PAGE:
- As soon as you take the rolls out of the oven, grate on a bit more Parmesan cheese.
- Allow the rolls to cool in the pan for 15 minutes. Then carefully ease them out onto a cooling rack to cool completely.
- Wrap loosely in foil and reheat to serve. They’re great cold, too, but you will really love them warm. Enjoy!
Use Parmesan Reggiano or an American hard cheese such as Grana for this. Parmesan in a can will not give you the same flavor, texture or aroma as fresh.
Note: You can make these rolls without doing the refrigeration process. When shaping the dough, make sure your hands are well-oiled so the dough doesn't stick to you.
The stated time of 70 minutes does not take into account rising time.
Once the rolls have cooled completely, break them apart and freeze them in zip top freezer bags with as much of the air pressed out as possible.
They will keep well for up to 2 months.
To thaw, allow the sealed bag/s to sit at room temperature, or thaw them in the microwave.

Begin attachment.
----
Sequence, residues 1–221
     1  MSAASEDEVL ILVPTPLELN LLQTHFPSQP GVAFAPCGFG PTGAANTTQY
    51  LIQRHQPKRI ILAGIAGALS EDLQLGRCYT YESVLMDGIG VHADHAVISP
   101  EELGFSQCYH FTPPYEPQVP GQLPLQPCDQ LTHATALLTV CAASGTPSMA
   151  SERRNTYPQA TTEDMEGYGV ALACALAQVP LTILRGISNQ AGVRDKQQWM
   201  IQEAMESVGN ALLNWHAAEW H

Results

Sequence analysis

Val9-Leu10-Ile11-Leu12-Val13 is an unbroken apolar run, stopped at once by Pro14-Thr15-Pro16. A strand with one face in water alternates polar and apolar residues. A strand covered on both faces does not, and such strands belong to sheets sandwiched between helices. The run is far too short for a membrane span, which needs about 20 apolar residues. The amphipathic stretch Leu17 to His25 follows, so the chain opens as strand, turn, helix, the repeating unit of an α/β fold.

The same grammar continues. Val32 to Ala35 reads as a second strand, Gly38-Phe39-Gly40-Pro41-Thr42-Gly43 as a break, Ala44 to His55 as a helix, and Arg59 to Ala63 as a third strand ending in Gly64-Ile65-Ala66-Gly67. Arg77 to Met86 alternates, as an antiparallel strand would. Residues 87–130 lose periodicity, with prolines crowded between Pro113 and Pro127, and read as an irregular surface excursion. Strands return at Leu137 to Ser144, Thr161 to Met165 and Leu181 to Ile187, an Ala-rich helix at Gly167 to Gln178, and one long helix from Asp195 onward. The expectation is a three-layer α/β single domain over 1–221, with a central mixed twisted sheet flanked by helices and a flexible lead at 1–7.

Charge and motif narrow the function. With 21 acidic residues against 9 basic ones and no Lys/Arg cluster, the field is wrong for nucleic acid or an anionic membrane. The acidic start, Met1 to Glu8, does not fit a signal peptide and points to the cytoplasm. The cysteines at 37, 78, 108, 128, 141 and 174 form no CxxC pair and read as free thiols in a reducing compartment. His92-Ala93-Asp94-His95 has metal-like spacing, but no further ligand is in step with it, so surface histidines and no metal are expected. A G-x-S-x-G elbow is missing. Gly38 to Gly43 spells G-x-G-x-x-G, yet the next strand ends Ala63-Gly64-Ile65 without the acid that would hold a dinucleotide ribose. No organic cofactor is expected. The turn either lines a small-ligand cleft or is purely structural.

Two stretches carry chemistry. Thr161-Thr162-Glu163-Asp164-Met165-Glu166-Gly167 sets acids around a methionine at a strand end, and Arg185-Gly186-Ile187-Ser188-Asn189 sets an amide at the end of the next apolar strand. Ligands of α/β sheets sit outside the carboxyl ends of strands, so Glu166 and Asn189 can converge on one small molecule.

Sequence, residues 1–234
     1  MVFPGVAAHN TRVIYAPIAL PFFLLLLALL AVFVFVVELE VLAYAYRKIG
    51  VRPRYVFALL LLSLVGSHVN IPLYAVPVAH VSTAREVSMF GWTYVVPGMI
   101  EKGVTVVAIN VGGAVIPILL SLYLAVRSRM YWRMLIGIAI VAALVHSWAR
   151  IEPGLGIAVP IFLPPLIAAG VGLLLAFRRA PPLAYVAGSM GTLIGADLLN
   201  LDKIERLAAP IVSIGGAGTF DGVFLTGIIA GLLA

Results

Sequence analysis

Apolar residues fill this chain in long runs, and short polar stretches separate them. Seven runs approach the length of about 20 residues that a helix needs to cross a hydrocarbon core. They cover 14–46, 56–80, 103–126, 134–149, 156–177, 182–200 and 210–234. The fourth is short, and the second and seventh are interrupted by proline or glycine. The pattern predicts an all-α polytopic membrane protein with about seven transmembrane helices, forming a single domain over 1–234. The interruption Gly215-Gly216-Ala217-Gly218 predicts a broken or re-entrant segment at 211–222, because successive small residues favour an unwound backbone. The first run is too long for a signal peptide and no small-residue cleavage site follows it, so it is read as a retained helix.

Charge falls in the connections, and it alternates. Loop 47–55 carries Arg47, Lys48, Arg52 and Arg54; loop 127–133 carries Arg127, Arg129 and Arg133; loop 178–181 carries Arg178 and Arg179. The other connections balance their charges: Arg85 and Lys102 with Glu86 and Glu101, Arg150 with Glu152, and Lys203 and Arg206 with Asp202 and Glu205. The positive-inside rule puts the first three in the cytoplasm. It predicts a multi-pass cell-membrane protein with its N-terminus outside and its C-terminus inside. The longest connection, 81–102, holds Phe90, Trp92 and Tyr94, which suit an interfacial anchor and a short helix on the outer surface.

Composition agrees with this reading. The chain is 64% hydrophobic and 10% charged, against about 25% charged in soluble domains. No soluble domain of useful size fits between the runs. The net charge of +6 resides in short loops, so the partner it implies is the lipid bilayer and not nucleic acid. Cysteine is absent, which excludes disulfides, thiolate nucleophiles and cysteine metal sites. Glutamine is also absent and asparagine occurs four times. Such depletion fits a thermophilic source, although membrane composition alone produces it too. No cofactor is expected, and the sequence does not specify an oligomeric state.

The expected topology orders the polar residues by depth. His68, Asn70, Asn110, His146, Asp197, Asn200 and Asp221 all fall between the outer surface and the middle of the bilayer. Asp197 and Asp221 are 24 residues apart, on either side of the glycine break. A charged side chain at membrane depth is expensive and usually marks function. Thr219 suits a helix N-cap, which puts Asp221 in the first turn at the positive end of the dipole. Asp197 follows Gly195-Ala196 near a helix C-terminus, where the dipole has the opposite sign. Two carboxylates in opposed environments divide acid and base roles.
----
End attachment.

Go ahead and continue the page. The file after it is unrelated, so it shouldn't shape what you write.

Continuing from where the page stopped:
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Nutrition InformationYield 12 Serving Size 1 roll
Amount Per Serving Calories 406Total Fat 21gSaturated Fat 9gTrans Fat 0gUnsaturated Fat 11gCholesterol 51mgSodium 858mgCarbohydrates 43gFiber 3gSugar 3gProtein 12g
The stated nutritional information is provided as a courtesy. It is calculated through third party software and is intended as a guideline only.
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Thanks again to the Idaho® Potato Commission for sponsoring this post. And thank you guys for supporting the brands with whom I work.
Thank you for spending some time with me today. Take care, and have a lovely day.